V 57 14 22 40 17

As 26,0 11,3 16,3 41,6 6,5

Se 7,9 6,70 4,1 4,0 1,7

Figure 1. Distribution of oxides in the coal samples of the Republic of Macedonia

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Figure 2. Distribution of the trace elements in the coal samples of the Republic of Macedonia

Fig. 2 shows that the content of the trace elements in all samples is almost identical with the exception content of Ba which is the highest in Pelister coal and content of Sr which is the highest in Mariovo coal.

The results obtained with our research are compared with the World standard value. Table 3 presents the concentration of the trace elements of the coals from Macedonia which is in the range of the World standard value.

Table 3 Trace element content (ppm) compared with the World standard value

Element ppm Macedonian

coals

Element Ppm Macedonian coals

Ni 0.5-50 7.8-17.5

Ba 20-1000 83-298 Co 0.5-30 1.9-9.7

Cr 0.5-60 12-29 Mo 0.1-10 0.4-2.8

Zn 5-300 8-89 V 2-100 14-57

Cu 0.5-50 4.4-27 As 0.5-80 6.5-26

Pb 2-80 1.8-8.7 Se 0.2-10 1.7-7.9

We also determined the correlation coefficient between some oxides and correlation coefficient between some trace elements. The obtained results are given in the Table 4 and Table 5. They show high levels of correlation.

Table 4 Correlation coefficient between some oxides

Oxides Correlacion coefficient Oxides Correlacion coefficient

Al2O3 – FeO 0.9923 FeO- Na2O 0.9567

Al2O3 –TiO2 0.9950 TiO2 - FeO 0.9801

Al2O3 - Na2O 0.9696 TiO2 - Na2O 0.9684

Table 5 Correlation coefficient between some of the trace elements

Trace elements Correlation coefficient Trace elements Correlation coefficient Sr-Co 0.8281 Cr-Cu 0.9933

Sr-As -0.8821 Cr-Pb 0.9342

Cu-Pb 0.9629 Cr-Co 0.8761 Cu-Ba 0.9551 Cr-V 0.9947 Cu-Co 0.8771 Cr-Ba 0.9472 Ba-Pb 0.9676 Zn-V 0.8148 Ba-Co 0.8114 Cu-V 0.9824

Ba-V 0.9415 Ni-As 0.8277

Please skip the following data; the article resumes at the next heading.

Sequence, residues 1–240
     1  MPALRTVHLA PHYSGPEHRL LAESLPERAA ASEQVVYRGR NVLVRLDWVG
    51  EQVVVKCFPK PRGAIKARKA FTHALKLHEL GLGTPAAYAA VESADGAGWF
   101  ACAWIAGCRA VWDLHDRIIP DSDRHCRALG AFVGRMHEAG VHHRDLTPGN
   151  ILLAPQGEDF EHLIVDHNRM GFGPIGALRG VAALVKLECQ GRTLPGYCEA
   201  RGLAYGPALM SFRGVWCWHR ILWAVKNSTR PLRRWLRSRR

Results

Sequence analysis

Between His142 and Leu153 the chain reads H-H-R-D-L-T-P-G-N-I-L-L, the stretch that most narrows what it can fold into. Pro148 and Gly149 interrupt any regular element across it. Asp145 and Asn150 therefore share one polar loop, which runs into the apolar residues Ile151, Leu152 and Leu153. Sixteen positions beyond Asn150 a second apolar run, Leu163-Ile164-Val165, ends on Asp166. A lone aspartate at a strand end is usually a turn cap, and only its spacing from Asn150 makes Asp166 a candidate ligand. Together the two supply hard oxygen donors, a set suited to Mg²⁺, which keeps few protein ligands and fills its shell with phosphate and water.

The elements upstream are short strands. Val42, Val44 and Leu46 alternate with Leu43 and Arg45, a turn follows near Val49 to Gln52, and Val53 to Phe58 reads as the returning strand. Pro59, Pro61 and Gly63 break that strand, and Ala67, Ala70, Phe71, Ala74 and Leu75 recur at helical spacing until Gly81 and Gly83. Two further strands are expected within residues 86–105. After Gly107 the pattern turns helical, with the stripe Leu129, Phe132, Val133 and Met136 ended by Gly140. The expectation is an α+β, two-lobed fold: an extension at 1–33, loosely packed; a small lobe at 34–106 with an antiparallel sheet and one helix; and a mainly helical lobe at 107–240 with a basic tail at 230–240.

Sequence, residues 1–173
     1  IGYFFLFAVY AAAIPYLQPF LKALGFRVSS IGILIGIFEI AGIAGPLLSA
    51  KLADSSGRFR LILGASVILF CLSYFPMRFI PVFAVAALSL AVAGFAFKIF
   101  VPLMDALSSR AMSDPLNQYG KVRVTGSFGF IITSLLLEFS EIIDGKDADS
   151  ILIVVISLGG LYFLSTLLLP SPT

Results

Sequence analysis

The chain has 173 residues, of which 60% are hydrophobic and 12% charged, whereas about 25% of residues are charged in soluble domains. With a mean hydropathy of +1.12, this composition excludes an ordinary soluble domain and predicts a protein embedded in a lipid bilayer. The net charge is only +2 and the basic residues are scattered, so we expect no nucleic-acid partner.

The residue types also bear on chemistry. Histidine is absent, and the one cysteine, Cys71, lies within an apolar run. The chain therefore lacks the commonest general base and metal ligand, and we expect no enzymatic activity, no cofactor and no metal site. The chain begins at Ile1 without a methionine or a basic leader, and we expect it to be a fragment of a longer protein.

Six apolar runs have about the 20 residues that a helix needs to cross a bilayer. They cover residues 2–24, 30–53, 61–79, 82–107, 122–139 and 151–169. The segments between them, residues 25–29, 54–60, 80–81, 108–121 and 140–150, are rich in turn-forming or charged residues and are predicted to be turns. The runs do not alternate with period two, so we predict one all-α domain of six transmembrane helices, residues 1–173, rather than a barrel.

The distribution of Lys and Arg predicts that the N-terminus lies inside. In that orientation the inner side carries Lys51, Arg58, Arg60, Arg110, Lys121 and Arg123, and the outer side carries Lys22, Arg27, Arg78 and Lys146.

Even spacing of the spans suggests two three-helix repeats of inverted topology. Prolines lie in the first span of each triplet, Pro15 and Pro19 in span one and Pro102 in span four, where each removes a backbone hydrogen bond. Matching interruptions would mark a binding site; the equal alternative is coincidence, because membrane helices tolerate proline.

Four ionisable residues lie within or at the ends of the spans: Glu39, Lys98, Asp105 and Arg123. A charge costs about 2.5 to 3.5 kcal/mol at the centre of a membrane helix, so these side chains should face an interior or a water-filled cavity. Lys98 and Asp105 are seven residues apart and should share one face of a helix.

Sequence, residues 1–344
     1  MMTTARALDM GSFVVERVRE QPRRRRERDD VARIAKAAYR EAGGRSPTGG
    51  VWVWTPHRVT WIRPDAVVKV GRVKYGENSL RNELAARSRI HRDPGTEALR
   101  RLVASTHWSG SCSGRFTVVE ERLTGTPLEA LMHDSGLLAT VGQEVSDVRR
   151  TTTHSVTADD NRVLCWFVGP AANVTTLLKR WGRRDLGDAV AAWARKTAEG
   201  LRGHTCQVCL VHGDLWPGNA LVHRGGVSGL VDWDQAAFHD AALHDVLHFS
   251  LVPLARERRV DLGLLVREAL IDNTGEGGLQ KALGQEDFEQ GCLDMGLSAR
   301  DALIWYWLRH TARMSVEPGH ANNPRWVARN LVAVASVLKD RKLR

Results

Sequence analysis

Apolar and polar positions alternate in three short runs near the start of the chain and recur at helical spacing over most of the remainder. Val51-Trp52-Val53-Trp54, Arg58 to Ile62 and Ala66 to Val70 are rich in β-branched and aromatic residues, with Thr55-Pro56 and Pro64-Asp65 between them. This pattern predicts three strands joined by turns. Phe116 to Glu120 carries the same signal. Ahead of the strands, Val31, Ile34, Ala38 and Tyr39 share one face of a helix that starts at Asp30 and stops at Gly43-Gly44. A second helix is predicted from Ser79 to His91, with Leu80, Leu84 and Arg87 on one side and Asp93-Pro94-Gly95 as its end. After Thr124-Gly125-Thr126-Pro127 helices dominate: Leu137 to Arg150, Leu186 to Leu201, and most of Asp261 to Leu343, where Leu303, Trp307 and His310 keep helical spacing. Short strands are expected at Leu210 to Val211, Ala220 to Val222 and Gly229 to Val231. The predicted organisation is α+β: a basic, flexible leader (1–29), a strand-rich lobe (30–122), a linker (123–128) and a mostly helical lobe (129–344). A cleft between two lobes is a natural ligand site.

Pb-V 0.9273 Co-Se 0.8846

Co-V 0.8253

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4. Conclusion

After summarizing all the facts, which have resulted from the research performed, we could state that the concentrations of all trace elements in these coals are unremarkably, falling well within the range of the World class coals. The content of Ba is in a range about (83-298), Cr (12-29), Zn (8-89), Cu(4.4-27), Pb (1.8-8.7), Ni (7.8-17.5), Co (1.9-9.7), Mo (0.4-2.8), V (14-57), As (6.5-26), Se (1.7-7.0). These data do not indicate any potential for economics by-product, potential technological problems or environmental or health concerns.

References

[1] Davidson Robert M. (1996): Trace elements in coal, IEA Coal Research, London, United Kingdom, Vol. 7, No. 3.

[2] Finkelman RB. (1981): Mode of occurrence of trace elements in coal. US Geological Survey Open File Report, 81-099, 312 pp. [3] Finkelman RB. (1982): Modes of occurrence of trace elements and minerals in coal: an analytical approach. In: Filby RH, Carpenter

BS, Ragrini RC Eds. Atomic and Nuclear Methods in Fossil Energy Research. Plenum Publishing, pp. 141–149.

[4] Finkelman Robert B. (1994): Modes of occurrence of potentially hazardous elements in coal: levels of confidence, US Geological Survey, Branch of Coal Geology, National Centre, MS 956, Reston, VA 22092, USA.

[5] Finkelman RB. (1994): Abundance, source and mode of occurrence of the inorganic constituents in coal. In: Kural O, Ed. Coal, Istanbul Technical University, pp. 115–125.